As I reviewed the photos taken at our last show, I realized something.
The position of my back is terrible when landing off a jump. I mean, really bad.
I think this realization was so stark because I’d also just finished watching a video of the winning rider in an equitation final, so of course she looked picture-perfect at any moment before, during and after each fence.
I have pretty okay form over a fence. Sometimes I get a little ahead or throw my body forward in anticipation of the jump but that’s something I’ve been working on and have gotten vastly better at over the last year and a half.
But I had given very little thought to what happens to my form after we’ve taken off and are coming down for the landing. Looking at all the photos – and I mean ALL of them, not just the ones that are worthy of sharing – I realized that I make a sort of hunchback. I already knew that I tend to slump my shoulders a bit, but this is like my entire back collapses until my spine makes a “c” shape, with my arms completely straight through the elbow. It’s not great, guys.
Want to see what I mean? Saddle up, because these are not the pretty photos.
So I did what any ammy would do: I asked my trainer, Leanne, for help. She gave me an exercise to work on.
Get into two-point, drop the reins, and straighten my arms out and back. I privately call this position “The Fighter Jet.” Then, staying balanced, I fold down and try to touch my chest to Drifter’s mane, hold it for a few seconds, then come back up into two-point. This can be done at a standstill or a walk (if I can keep Drifter walking straight!)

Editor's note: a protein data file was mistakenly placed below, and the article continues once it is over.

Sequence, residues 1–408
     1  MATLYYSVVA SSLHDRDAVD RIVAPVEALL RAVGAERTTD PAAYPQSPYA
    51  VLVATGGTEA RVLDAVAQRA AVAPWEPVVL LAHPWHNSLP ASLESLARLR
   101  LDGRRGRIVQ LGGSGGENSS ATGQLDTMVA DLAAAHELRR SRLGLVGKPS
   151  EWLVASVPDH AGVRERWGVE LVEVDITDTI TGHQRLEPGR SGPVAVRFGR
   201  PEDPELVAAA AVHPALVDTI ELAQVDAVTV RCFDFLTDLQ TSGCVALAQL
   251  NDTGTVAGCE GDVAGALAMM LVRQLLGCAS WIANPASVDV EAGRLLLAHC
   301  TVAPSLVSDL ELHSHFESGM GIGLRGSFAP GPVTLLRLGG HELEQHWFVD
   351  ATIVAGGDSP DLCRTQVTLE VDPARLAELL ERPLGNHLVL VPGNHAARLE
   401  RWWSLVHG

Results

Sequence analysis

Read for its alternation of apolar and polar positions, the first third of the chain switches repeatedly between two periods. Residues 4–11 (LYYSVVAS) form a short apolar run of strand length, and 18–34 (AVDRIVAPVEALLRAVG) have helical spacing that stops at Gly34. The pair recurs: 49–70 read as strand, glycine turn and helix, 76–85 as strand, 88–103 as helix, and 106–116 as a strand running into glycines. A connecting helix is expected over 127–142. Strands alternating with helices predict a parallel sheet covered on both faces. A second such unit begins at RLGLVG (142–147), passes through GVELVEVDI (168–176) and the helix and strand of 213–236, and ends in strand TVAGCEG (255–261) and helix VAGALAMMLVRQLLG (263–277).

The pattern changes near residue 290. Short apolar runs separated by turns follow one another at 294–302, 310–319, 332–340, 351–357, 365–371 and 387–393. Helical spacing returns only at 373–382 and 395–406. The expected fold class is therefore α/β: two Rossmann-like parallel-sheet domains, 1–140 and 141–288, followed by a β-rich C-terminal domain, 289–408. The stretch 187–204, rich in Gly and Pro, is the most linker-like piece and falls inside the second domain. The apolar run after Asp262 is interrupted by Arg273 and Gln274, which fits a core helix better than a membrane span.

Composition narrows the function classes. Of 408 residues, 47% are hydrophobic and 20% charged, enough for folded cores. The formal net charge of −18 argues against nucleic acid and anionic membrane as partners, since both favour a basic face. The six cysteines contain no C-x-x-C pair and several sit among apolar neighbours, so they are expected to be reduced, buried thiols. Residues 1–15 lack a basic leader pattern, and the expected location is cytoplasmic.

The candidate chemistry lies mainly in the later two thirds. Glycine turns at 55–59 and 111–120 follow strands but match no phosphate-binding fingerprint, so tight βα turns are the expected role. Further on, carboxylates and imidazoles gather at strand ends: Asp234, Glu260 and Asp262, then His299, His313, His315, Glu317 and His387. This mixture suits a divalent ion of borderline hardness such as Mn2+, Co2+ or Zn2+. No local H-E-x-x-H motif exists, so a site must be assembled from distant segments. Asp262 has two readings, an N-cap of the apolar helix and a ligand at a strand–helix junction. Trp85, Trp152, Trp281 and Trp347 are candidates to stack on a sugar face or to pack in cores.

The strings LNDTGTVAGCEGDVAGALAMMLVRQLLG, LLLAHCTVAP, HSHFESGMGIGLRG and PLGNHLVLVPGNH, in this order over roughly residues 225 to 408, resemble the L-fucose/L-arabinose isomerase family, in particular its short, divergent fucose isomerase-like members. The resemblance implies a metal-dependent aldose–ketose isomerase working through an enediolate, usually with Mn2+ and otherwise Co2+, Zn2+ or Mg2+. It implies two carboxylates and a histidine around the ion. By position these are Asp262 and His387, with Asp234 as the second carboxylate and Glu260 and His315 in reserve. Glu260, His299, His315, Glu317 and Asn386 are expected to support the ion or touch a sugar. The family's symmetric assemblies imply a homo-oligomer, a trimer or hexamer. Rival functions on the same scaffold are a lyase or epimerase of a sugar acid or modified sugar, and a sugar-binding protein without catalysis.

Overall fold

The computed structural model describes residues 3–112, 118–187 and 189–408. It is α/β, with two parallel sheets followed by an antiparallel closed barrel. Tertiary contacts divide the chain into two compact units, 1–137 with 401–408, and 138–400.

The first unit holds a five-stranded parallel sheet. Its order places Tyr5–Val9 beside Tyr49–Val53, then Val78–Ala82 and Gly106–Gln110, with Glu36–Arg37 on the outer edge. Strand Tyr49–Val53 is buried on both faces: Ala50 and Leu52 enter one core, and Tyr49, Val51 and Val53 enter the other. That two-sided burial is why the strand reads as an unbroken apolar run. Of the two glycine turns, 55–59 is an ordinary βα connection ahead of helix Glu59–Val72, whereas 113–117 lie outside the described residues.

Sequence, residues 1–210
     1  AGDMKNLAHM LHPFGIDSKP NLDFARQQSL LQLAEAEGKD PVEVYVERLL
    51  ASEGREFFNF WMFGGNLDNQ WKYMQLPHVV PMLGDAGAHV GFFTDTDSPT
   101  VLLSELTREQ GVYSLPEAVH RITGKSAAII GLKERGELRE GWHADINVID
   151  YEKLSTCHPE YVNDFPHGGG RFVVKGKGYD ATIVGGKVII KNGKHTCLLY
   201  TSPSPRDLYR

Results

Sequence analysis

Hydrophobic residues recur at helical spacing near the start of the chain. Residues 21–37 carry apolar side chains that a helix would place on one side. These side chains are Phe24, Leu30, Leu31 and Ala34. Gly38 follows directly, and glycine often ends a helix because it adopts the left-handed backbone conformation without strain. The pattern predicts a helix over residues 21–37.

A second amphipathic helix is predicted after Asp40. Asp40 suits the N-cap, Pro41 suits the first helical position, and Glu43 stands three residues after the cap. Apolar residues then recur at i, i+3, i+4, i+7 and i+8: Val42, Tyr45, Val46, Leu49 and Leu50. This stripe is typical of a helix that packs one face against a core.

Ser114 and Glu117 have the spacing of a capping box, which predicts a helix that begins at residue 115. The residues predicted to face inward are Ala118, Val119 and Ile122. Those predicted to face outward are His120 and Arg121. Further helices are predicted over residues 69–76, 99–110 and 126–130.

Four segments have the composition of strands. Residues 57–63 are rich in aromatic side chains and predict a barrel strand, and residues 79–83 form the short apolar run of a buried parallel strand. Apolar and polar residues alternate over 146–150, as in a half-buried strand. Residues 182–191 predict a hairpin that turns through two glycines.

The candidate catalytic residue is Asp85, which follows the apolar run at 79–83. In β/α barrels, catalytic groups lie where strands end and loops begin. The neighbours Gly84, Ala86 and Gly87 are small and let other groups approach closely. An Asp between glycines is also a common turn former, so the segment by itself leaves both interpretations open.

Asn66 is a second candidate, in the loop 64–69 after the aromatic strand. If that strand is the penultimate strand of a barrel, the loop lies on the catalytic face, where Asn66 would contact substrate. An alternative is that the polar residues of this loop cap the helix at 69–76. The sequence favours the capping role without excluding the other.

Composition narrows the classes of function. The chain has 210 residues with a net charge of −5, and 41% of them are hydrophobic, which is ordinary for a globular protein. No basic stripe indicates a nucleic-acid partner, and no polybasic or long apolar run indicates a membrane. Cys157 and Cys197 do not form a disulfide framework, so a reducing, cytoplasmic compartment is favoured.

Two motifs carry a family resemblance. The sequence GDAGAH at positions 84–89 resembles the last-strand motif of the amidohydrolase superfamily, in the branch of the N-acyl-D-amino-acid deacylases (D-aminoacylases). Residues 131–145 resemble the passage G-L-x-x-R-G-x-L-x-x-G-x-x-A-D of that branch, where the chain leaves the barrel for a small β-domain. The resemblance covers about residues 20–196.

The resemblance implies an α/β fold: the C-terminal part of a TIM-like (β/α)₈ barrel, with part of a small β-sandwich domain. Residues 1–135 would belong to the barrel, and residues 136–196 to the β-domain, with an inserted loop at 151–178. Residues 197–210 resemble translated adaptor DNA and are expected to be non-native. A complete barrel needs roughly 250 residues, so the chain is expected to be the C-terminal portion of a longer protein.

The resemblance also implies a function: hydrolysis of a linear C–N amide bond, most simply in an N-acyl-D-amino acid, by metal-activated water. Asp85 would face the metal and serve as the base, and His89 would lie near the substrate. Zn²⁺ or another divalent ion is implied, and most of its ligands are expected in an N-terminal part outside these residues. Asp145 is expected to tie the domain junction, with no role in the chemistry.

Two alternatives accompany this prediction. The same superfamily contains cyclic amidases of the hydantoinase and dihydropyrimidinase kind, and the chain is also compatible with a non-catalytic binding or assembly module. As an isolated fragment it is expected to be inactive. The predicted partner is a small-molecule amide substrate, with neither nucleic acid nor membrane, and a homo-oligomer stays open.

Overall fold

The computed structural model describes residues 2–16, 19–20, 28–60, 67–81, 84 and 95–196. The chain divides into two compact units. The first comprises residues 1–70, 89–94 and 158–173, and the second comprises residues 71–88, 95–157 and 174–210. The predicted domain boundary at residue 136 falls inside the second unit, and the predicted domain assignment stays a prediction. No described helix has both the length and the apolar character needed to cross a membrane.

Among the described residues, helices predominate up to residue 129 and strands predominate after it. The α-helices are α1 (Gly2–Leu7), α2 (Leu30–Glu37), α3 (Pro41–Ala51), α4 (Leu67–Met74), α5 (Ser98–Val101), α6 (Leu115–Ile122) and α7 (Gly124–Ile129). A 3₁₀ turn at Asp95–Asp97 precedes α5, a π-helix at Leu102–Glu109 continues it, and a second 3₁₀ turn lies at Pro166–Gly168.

When I first started trying this, I could barely fold at all without tipping forward. Super embarrassing. But I kept working on it, a little during every ride, and I can now pretty comfortably fold and hold down by Drifter’s neck for a few seconds before straightening up.
It’s not a miracle cure. I still get that hunchback sometimes but I’m more aware of my back and shoulders over a fence now. And as of last night’s lesson, I now have photographic and video evidence that I can, in fact, keep my back straight over a fence!
And for the video proof:
Now, obviously I’m not perfect, but little bits of progress can make such a difference! Have you ever had a similar anti-epiphany, when you realized you were doing something that really needed attention?